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University of Washington Engineered Biomaterials
Tissue engineering aims to create functional tissue using cells seeded onto 3-D scaffolds, providing an alternative to traditional transplants. Tissue engineering techniques in general require the use of porous scaffolds, which serve as a 3-D template for initial cell attachment and growth leading to tissue formation. The architecture of the scaffold used defines the ultimate shape of the newly grown tissue. An ideal tissue scaffold must meet several requirements: the scaffold must comprise an interconnected, open pore network allowing nutrients and cells to pass into the scaffold while ensuring waste products can get out. Also the scaffold must have mechanical properties closely matching those of the tissues at the site of implantation. For example, the human heart is always beating, the muscle of the heart is constantly stretching and contracting so any tissue scaffold used in the heart must be able to withstand this constant motion (a brittle material would crack while a soft material might deform like silly putty). In addition to structure and mechanics, the scaffold chemistry will be very important. The scaffold must have a surface chemistry suitable for cell attachment and growth. There are thousands of patients that could benefit from tissue engineered products. To be successful, a scaffold material must be easily processed into a variety of shapes and sizes, and its production must be inexpensive and reproducible on a large scale.
A wide variety of techniques can be used to design and fabricate porous tissue scaffolds. One such technique is called salt leaching where salt crystals such as NaCl (common table salt) are put into a mold and polymer is poured over the salt, penetrating into all the small spaces left between the salt crystals. The polymer is hardened and then the salt is removed by dissolving it in a solvent (such as water or alcohol) which washes/leaches the salt out. Upon removal of the salt crystals all that remains is the hardened polymer with open holes/pores where the salt once was (see Fig. 1). A new fabrication technique under development at UWEB uses polymer foams called aphrons to create porous scaffolds. A polymer is first stirred rapidly to create a foam and then hardened, creating a solid sponge-like material where the foam’s air bubbles form the pores of the final scaffold. To learn more about these and other techniques used to create porous tissue scaffolds, check out Chapter 8 of Biomaterials Science: An Introduction to Materials in Medicine.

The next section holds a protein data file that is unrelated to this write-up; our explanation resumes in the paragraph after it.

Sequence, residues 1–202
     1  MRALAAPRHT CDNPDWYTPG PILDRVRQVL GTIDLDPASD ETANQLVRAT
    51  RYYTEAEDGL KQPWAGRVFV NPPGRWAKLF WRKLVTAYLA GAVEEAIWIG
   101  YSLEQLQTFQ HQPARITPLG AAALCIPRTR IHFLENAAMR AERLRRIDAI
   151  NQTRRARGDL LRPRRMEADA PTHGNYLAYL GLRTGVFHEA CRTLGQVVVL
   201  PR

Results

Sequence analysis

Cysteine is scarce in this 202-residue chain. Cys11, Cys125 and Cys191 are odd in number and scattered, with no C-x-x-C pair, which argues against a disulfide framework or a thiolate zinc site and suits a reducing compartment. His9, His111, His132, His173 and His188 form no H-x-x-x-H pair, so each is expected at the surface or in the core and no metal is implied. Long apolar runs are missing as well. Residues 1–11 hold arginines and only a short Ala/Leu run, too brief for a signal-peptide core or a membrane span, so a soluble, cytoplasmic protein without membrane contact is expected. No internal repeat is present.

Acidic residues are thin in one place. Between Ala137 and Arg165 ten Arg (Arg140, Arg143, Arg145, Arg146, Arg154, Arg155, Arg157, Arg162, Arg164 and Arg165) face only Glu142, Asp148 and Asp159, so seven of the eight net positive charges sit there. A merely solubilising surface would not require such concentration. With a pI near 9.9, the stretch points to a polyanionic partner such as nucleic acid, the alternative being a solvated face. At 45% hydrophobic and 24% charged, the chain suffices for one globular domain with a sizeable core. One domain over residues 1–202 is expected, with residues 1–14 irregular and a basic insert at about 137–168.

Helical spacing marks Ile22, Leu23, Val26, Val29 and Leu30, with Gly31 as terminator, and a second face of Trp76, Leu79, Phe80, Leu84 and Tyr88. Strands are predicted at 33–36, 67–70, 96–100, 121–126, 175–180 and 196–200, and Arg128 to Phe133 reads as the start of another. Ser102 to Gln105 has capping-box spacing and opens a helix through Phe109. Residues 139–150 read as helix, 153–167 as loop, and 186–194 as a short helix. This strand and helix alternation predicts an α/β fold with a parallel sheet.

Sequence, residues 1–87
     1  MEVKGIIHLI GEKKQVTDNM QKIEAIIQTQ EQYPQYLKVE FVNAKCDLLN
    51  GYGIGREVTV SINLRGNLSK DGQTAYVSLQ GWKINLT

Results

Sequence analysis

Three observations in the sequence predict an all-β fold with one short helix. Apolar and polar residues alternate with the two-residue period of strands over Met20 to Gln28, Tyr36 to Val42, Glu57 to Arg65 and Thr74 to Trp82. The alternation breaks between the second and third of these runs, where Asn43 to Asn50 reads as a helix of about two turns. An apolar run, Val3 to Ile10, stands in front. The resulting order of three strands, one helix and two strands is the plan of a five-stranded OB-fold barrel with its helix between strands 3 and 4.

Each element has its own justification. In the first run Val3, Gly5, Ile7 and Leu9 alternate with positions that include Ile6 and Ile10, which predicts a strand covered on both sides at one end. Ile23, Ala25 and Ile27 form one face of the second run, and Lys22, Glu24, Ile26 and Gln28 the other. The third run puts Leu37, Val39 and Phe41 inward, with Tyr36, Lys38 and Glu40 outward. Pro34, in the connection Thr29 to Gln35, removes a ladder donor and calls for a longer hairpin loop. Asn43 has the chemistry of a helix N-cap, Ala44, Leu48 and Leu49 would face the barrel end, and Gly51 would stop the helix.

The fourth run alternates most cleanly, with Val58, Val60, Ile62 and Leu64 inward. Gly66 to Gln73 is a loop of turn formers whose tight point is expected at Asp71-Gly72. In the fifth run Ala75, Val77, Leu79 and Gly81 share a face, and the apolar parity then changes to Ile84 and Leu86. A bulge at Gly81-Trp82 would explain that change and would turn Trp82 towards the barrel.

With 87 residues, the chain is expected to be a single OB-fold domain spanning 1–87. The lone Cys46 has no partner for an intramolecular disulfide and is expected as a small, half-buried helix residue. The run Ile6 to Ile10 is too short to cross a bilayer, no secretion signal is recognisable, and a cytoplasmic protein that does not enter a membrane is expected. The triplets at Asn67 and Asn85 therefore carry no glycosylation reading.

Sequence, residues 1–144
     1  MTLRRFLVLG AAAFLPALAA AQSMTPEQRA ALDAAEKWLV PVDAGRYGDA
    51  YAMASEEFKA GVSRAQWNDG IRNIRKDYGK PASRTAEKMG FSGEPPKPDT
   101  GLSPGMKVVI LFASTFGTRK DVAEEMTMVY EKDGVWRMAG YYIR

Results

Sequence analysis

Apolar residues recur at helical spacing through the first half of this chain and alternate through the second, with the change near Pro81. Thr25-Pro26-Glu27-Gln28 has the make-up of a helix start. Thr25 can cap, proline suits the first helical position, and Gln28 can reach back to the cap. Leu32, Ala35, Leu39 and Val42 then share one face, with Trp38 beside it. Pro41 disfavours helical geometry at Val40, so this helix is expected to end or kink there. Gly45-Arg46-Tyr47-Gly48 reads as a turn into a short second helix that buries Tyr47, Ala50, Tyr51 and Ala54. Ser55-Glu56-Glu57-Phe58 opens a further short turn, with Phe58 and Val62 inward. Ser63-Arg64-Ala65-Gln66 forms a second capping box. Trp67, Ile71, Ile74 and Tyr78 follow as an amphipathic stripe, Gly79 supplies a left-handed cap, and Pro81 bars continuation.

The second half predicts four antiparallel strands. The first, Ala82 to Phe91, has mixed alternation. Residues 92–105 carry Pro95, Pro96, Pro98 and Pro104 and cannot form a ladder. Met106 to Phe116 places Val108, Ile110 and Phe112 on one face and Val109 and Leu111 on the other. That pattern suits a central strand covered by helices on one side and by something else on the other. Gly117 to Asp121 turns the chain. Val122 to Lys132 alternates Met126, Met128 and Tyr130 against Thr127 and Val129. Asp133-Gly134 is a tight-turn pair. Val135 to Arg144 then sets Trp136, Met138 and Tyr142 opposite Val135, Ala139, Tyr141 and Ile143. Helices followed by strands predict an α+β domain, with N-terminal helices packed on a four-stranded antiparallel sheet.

Figure 1. Poly(l-lactic acid) scaffold prepared by salt leaching. (Scaffold and image reproduced with permission from Steve Gingrich)
Biomaterials Science: An Introduction to Materials in Medicine, 2nd ed. Ratner BD, Hoffman AS, Schoen FJ, Lemons JE,Eds.Elsevier Academic Press: New York, 2004.